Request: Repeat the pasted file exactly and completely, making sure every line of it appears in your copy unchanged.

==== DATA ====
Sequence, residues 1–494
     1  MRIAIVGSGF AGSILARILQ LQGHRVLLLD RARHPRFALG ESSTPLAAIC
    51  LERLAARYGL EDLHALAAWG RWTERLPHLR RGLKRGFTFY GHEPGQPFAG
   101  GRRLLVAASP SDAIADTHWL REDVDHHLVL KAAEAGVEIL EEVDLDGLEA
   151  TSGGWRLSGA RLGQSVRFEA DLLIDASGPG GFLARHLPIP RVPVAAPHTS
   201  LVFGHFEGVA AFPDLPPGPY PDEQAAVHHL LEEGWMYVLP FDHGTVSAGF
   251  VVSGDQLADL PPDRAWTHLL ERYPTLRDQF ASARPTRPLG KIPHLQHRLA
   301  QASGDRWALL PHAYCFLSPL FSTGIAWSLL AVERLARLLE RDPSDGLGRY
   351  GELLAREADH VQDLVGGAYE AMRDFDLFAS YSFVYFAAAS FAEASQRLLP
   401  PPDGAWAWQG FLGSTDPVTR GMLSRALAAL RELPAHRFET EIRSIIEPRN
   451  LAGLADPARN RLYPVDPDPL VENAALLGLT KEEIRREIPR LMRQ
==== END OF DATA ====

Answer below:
Sequence, residues 1–494
     1  MRIAIVGSGF AGSILARILQ LQGHRVLLLD RARHPRFALG ESSTPLAAIC
    51  LERLAARYGL EDLHALAAWG RWTERLPHLR RGLKRGFTFY GHEPGQPFAG
   101  GRRLLVAASP SDAIADTHWL REDVDHHLVL KAAEAGVEIL EEVDLDGLEA
   151  TSGGWRLSGA RLGQSVRFEA DLLIDASGPG GFLARHLPIP RVPVAAPHTS
   201  LVFGHFEGVA AFPDLPPGPY PDEQAAVHHL LEEGWMYVLP FDHGTVSAGF
   251  VVSGDQLADL PPDRAWTHLL ERYPTLRDQF ASARPTRPLG KIPHLQHRLA
   301  QASGDRWALL PHAYCFLSPL FSTGIAWSLL AVERLARLLE RDPSDGLGRY
   351  GELLAREADH VQDLVGGAYE AMRDFDLFAS YSFVYFAAAS FAEASQRLLP
   401  PPDGAWAWQG FLGSTDPVTR GMLSRALAAL RELPAHRFET EIRSIIEPRN
   451  LAGLADPARN RLYPVDPDPL VENAALLGLT KEEIRREIPR LMRQ